HUI-SPX Ratio Aims For Higher Levels

Gold bugs were sent to the woodshed for much of the last year while the regular stock market spent much of its time bulling.  This has served two purposes.  First the over bullish (gold fever) sentiment profile was cleared out in the precious metals and a over bearish profile was at least partially addressed in broad stocks.

This is a potentially excellent setup for people who made the necessary adjustments last year and now await a continuation of a trend that appears to be in its infancy.  Let’s look at the big picture view of the HUI-SPX ratio, which shows the severity of the gold stock correction vs. the broad stock market.

hui-spx ratio
Monthly ‘big picture’ view of HUI vs. SPX

 

 

 

 

 

 

 

By trend continuation I mean a follow through to the initial bottoming signals, which are support found at the 50% Fibonacci retrace of the entire bull market (for the ratio) out of 2000, deeply over sold conditions (worse than 2008) registered by the sensitive CCI and STO, which are now above -100 and crossed up respectively.

The ratio is at a resistance area and this is a week where a man who manages market perceptions is holding a meeting of the FOMC.  So who knows what lay ahead in the micro term?  But what I like about the picture is that the panel indicators became so deeply over sold that they rival not the routine over sold condition of 2008, but rather are in the same condition they were in at the start of the major bull market.

This at a time when gold has been making higher highs and is above support in relation to crude oil – which affect mining bottom line margins – and most other commodities.

au.wtic ratio
Gold’s price in WTI Crude Oil units is above ‘big picture’ support and constructive for higher levels

 

 

 

 

 

 

Gold is in a bull market in ratio to the stock market, which affects stock investors’ desire to buy gold stocks.

au-spx ratio
Gold’s monthly view vs. the stock market is bullish

 

 

 

 

 

 

Was the correction over the last year was something to be afraid of?  Well, tuning out the trend followers (whose primary goal is to always appear right) that were calling an end to gold’s bull market in favor of equities (6 months into the trend, mind you) what we see above is a beautiful consolidation down to support.  We also see a continuation of a series of higher highs and higher lows.

The correction over the last year was an opportunity to sell stocks in favor of gold once again.  That is of course, unless an intact secular trend is about to end.  When gold out performs the stock market, players tend to gravitate to the gold stock sector.  Here is a ‘big picture’ look at the nominal HUI.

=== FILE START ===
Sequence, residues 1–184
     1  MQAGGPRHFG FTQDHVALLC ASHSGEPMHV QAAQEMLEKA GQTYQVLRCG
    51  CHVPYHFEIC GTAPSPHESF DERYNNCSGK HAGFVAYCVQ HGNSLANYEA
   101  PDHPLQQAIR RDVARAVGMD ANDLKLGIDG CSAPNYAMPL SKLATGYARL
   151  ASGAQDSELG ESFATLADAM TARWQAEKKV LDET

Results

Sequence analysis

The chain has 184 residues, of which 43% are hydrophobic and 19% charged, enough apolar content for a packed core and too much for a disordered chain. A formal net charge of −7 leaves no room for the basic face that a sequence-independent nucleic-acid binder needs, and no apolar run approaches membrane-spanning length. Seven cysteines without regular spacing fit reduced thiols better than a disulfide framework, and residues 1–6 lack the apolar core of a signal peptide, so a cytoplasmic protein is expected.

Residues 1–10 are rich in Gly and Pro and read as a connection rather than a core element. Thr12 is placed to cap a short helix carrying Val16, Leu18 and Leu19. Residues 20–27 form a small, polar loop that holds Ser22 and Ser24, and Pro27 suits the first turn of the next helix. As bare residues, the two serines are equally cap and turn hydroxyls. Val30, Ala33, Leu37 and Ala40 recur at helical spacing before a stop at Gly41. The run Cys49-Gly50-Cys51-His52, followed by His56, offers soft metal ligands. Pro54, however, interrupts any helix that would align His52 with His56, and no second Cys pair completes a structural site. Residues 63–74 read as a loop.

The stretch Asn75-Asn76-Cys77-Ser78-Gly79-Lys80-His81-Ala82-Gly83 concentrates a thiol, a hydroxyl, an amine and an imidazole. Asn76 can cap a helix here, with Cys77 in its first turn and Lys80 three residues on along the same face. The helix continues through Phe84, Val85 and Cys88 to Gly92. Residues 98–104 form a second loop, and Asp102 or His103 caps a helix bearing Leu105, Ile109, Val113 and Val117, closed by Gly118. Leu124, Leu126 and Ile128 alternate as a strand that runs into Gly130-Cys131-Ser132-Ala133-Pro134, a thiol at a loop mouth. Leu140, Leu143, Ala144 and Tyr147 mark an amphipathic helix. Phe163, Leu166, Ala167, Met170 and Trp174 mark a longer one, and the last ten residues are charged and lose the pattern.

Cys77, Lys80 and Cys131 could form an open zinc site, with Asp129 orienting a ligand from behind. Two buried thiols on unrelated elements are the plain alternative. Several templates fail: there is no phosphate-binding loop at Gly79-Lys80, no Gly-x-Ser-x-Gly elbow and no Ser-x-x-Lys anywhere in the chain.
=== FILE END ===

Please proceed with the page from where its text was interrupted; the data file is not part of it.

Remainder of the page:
hui monthly
Monthly HUI shows phase 1 up, 2 down, 3 up and 4 down

 

 

 

 

 

 

In NFTRH we managed the failure of the big picture breakout into the recent major correction by daily and weekly charts.  More recently we have been managing what is potentially an important bottom by those same charts. The charts and other tools tell us that the sector is over bought, but constructive to continue to bull going forward.

But the monthly chart above gives you an idea of how strong the next leg of the HUI’s bull market could be, whether it is engaging now per the current view or later, if the current bottom unexpectedly fails.  The red resistance zone is key.

The bottom line is that the gold sector did a lot of good, corrective work over the last year and gold looks good technically in relation to other markets, which in turn benefits the gold stock sector.  Precious metals are over bought short term, with some signs that argue for caution (notably the CoT structure), but the big picture is positive.

Housekeeping:  The old blog has been consolidated into the main website (http://www.biiwii.com), where you will find my analysis right on the front page along with a handy link to guest analysis.  There you can also sign up for the free (and spam free) eLetter and follow me on Twitter if you wish.

Leave a Reply

Fill in your details below or click an icon to log in:

WordPress.com Logo

You are commenting using your WordPress.com account. Log Out /  Change )

Google+ photo

You are commenting using your Google+ account. Log Out /  Change )

Twitter picture

You are commenting using your Twitter account. Log Out /  Change )

Facebook photo

You are commenting using your Facebook account. Log Out /  Change )

w

Connecting to %s

This site uses Akismet to reduce spam. Learn how your comment data is processed.